When we got to see the doctor, maybe 15 minutes later, he appeared to be in his early twenties, sporting a chin beard and Crocs. He and the four or six nurses hovering around huddled and hemmed and hawed about what to do.

“Just put it on ice,” they chorused, “and come back tomorrow to see the specialist.”

The doctor told my wife a story about having a serious burn on three of his fingers. “I just kept it cool,” he said, keeping it cool. I almost punched him in his chin beard. Did this guy graduate from Phys Ed teacher college and get his paperwork swapped with some poor med school student? Wait, no, I’m pretty sure my Phys Ed teachers in high school, loathsome human beings as they were, knew not to put ice on a fucking burn. I seriously began to think that this guy might wear Crocs because he couldn’t figure out how to tie his shoelaces.

It was at this point that the group of (and I use the term loosely) medical professionals, crowed, confidently, that my son’s burn, which consisted of:

a) index finger, underside, burned and blistered up to twice its normal thickness
b) middle finger, top joint, underside, burned and blistered
c) ring finger, half of the top joint, left side, burned and blistered

was a “first degree burn”.

Deciding that a battle of wits with six unarmed foes wearing the kevlar of stupid was essentially an eternal stalemate and a waste of time, I kept a smile on my face and started to insist on a wound dressing. “We can’t keep Hammy’s hand cooled all night and keep him from sticking it in his (decidedly non-sterile mouth). You’ve got to dress the wound to protect it until we come back tomorrow morning.”

The doctor fucked off, presumably to be cool somewhere else, and one of the nurses set to being helpful with us. This woman meant well, I’m sure, and she was kind and helpful. But she put an adhesive bandage on Hammy’s index finger (burned and blistered along its whole length on the underside). At the time, I’d assumed it was some kind of special burn dressing. It was not. I insisted that she wrap Hammy’s hand in gauze to stop him from pulling off the bandage she’d applied, and she did. She tied it so expertly, that Hammy pulled it off in one clean motion not 5 minutes later. She did not offer to tie it again.IMG_4154

Finally, as we were in the waiting area, I insisted that my wife request a painkiller again, though her initial request had been turned down. I was worried about my son being in too much pain to sleep, which would only hurt his ability to heal, and our ability to keep his hand cool, as per Doctor Chinbeard’s orders.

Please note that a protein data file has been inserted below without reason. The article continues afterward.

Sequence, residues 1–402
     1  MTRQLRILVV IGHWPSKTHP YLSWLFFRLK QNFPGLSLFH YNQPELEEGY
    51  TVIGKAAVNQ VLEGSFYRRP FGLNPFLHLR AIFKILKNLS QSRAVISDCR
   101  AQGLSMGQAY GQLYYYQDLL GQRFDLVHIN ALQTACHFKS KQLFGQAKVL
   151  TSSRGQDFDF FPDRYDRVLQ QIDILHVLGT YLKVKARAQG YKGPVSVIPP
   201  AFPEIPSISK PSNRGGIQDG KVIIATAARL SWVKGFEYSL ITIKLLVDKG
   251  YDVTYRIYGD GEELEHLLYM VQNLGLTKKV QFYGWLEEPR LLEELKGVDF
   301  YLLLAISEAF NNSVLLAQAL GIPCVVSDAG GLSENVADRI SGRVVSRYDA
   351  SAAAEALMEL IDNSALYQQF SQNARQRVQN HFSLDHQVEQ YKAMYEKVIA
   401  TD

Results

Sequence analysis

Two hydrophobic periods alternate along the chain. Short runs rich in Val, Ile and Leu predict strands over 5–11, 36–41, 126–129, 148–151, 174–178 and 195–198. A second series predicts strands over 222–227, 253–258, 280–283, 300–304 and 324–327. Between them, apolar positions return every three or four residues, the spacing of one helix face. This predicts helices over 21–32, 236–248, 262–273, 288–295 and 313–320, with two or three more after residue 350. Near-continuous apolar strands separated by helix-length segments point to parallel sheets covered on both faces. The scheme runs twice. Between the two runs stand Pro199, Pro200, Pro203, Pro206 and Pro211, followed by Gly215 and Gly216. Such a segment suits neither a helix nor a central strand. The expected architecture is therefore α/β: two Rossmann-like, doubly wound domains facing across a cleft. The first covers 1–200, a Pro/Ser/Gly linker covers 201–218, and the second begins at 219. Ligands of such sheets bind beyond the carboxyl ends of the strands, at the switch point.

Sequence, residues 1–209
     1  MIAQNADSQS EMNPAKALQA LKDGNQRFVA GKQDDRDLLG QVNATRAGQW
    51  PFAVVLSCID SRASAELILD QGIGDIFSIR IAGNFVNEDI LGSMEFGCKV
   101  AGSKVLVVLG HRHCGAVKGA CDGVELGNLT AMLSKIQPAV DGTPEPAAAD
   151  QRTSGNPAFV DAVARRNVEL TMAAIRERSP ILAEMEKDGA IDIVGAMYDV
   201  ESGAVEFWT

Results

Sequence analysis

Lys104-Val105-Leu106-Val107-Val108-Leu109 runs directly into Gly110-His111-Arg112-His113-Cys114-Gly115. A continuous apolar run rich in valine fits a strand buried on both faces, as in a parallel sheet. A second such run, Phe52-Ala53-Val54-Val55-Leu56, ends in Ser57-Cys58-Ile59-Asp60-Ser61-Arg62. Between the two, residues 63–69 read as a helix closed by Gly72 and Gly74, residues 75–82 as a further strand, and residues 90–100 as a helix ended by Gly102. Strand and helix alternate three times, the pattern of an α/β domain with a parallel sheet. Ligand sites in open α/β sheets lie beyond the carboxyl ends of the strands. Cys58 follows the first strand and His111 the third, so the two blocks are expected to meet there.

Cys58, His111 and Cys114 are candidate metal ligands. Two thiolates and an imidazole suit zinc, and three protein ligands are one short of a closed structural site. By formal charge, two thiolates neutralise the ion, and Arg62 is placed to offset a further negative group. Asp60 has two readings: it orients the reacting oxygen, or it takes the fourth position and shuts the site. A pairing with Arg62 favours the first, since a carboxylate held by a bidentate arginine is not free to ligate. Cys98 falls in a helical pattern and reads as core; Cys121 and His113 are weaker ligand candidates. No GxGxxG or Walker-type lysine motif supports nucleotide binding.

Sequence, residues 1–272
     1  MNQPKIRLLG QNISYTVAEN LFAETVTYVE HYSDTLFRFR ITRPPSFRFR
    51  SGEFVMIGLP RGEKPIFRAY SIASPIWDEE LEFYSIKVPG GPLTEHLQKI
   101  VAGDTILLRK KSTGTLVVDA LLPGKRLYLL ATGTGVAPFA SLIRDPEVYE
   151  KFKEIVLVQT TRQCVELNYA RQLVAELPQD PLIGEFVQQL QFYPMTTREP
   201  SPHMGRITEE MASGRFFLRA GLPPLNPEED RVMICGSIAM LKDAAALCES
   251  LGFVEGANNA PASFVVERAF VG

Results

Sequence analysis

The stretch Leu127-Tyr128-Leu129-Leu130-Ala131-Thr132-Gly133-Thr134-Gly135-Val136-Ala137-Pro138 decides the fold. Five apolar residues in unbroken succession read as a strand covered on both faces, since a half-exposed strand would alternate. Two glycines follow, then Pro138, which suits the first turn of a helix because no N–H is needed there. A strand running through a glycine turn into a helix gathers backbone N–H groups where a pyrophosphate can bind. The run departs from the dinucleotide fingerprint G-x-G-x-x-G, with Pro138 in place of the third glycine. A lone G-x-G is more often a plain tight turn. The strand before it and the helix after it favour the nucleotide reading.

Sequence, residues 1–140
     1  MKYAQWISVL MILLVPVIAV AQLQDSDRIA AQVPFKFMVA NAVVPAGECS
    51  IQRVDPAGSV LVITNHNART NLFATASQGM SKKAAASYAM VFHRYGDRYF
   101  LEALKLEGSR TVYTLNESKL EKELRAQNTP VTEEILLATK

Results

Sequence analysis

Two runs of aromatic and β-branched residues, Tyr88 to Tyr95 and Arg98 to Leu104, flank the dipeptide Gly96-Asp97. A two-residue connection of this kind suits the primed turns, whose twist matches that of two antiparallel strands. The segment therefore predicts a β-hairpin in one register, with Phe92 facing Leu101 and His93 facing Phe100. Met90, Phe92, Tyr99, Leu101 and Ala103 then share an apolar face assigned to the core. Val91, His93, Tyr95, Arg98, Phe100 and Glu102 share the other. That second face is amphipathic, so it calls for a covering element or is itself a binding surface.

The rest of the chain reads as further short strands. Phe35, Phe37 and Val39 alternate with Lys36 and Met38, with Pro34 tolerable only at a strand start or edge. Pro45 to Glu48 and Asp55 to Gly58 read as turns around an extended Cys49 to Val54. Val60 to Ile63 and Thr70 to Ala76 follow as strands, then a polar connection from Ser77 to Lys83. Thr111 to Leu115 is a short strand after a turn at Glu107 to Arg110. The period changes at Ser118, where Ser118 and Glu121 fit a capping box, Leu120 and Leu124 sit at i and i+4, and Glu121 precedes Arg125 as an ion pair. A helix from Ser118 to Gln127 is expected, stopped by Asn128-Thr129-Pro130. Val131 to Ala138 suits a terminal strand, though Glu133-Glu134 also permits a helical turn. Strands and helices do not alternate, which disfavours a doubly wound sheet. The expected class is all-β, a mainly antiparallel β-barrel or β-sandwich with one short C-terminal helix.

We prevailed, or rather, they relented, and they issued a painkiller dose based on Hammy’s body weight. We accepted it gratefully and headed home.

Throughout all of this, I need to restate, that one particular nurse was very kind and understanding with us. I should also be clear that, although sorely tempted, I did not have to resort to stereotypical white-man-loud-voice-bullying that I’m sure you are all imagining me doing. Gentle insistence through my wife, who could cut my tone and word choice into something pleasant and polite, was enough. These people were there to help, and they did their best. But they were thoroughly unequipped, in training or in intellectual flexibility to deal with an injury that must be the bread-and-butter of most emergency rooms. (Also, it was interesting that none of them even bothered to check a manual or anything, they just clucked about in their ignorance.)

We’re almost back in Yokohama, so this is going to have to be a two-parter. Allow me to just add that Hammy slept soundly after returning to the hotel and receiving his painkiller. At the very least, my wife and I had the novel experience of administering our first suppository.

As my friend David Montero liked to say: “right in the hole.”

Jul 29

Those Damn Plebeians

Recently, someone on Google Plus posted this gem from some high-falutin’ type at CNN:

 

http://www.cnngo.com/tokyo/visit/tell-me-about-it/andre-vltchek-why-i-hate-traveling-japan-342716

 

Go read it. I’ll wait.

 

Among other things it stirred up in me that I cannot phrase politely, it put me in mind of a piece I wrote almost a dozen years ago for a short-lived comedy group I was part of.  Here it is:

 

 

steichen_morgan

AN ARGUMENT AGAINST CHILD LABOUR

by O. Oscar Oscarson, Railroad Tycoon and Oligarch

 

My shoes are falling apart. The other day, I purchased a pair of shoes. I have worn them only once, and already they are degenerating. The sole is coming away from the bottom of the shoe like the fetid lips of my dear Augustine, and all the leather is rotting away like the pelt of a dead groundhog lying bloated in the sun.

 

Now, I heard recently that this particular shoe company has been using child labour. Good for them! I know from my days running a chastity belt factory and a chain of brothels that minors, especially when they’re under 12, are especially inexpensive workers. Unfortunately, there is a reason that this child labour is so cheap—children are, by their nature, incredibly incompetent. A child constantly makes errors, thus consuming the valuable time of an adult who has to not only fix the child’s error, but also whip the insolent youngster senseless. However, I have found that in my experience, after several such beatings, the little tykes perform remarkably well, perhaps out of terror.